The demise of bookstore giant Borders has created positives and negatives for Lexington's most famous bookstore chain.
Joseph-Beth Booksellers, which was founded in Lexington in 1986 but is based in Cincinnati, expects a slow period for its Cincinnati store in the wake of liquidation sales at four Borders locations in that area. But after that slowness wears off, it's a time of opportunity, said Joseph-Beth chief executive Mark Wilson.
"Once the dust settles, not all of that business is going online," he said. "There will be a good percentage that flows through to us."
The demise of Borders was not a concern in Lexington, where its only presence was a store by its Waldenbooks subsidiary at Fayette Mall that closed in 2010. Wilson said those stores typically generated sales of less than $1 million annually, so "the impact in Lexington was extremely minor."
But the Borders stores in the Cincinnati area probably generated about $15 million total annually, he estimated.
"That's got to go somewhere," he said.
In the short term, the liquidation sales are drawing in plenty of buyers and slowing business at rivals. "They're saturating the marketplace," Wilson said.
Wilson has sent his book buyers to the stores to investigate what titles are left as the liquidation sales have worn on.
"That provides us guidance on what categories are moving quickly and what's not moving," he said. "The books left on the walls are ones that were a bad use of inventory dollars."
The sales are also confusing some customers, he said, as "every person thinks every bookstore is a Borders for some reason."
A couple of months of slow business are expected in the aftermath, he said, but spending should pick up by the holiday shopping season, "which is the right time."
A major unknown, though, is what percentage of Borders' sales will shift to online competitors like Amazon.com (which is based in Seattle but has several fulfillment centers in Kentucky, including in Lexington). Online offerings have pressured booksellers and driven many out of business since the dawn of e-commerce.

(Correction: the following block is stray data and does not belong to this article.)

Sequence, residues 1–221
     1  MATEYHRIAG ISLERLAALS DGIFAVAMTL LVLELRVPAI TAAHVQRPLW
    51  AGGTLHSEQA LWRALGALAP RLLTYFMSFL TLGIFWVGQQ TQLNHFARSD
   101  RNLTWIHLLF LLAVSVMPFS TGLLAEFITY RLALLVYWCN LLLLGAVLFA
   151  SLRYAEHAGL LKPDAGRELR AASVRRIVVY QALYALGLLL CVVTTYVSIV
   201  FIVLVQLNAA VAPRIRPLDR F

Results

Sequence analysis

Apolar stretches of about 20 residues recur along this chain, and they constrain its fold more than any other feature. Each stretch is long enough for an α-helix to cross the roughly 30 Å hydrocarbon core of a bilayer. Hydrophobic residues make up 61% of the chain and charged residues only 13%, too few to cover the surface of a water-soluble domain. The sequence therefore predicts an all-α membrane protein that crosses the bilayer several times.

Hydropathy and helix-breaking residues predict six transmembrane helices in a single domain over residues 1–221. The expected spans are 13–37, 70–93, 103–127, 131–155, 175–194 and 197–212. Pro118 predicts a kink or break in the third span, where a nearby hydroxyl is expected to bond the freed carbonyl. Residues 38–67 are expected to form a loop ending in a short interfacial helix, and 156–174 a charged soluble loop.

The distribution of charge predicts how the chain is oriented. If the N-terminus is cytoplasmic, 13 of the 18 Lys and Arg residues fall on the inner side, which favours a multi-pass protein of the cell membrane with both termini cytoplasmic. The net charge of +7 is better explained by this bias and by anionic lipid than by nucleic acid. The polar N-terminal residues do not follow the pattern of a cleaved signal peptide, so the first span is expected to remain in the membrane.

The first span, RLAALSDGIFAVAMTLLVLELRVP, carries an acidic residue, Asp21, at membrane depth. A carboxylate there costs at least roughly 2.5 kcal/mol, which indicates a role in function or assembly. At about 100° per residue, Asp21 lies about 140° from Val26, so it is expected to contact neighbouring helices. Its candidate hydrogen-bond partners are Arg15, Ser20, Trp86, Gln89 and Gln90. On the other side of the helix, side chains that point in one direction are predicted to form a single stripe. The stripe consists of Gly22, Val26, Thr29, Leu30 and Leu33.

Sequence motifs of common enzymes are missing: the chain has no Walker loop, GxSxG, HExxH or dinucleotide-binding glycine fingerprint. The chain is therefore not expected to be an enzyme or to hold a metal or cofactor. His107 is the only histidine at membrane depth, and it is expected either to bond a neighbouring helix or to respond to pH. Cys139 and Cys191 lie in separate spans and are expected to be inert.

The American Booksellers Association, which represents independent bookstores, saw its membership decrease from 4,000 in 1993 to about 1,400 in the late 1990s — a 65 percent decline, said chief operating officer Len Vlahos. The number stabilized and crept back up in 2009 and 2010 to about 1,500 members, he said.
Beset by many of the same pressures, Joseph-Beth, which at nine stores was large by some measures, entered bankruptcy protection last fall.
The company closed four locations immediately, and a fifth wound up auctioned off to liquidators as the bankruptcy auction wrapped up earlier this year. An ownership group affiliated with the management of The Mall at Lexington Green, the site of the Lexington store, outbid Joseph-Beth founder Neil Van Uum and acquired the chain's three stores in Lexington, Cincinnati and Cleveland. Van Uum acquired the chain's store in Nashville.
Wilson, who had been chief operating officer before the bankruptcy, said Borders' demise doesn't remove the pressures that require Joseph-Beth to have "the right focus."
"We have to differentiate ourselves from Amazon," he said. "I look at Amazon as a two-dimensional space. We have the possibility to create an experience that can't be Amazoned."
He cited the company's recent Camp Joseph-Beth event, in which children have day-camp activities at the store followed by a meal with their parents at the store's restaurant.
"That's something that can't be Amazoned," he said. "That's what we need to continue to drive through our business model."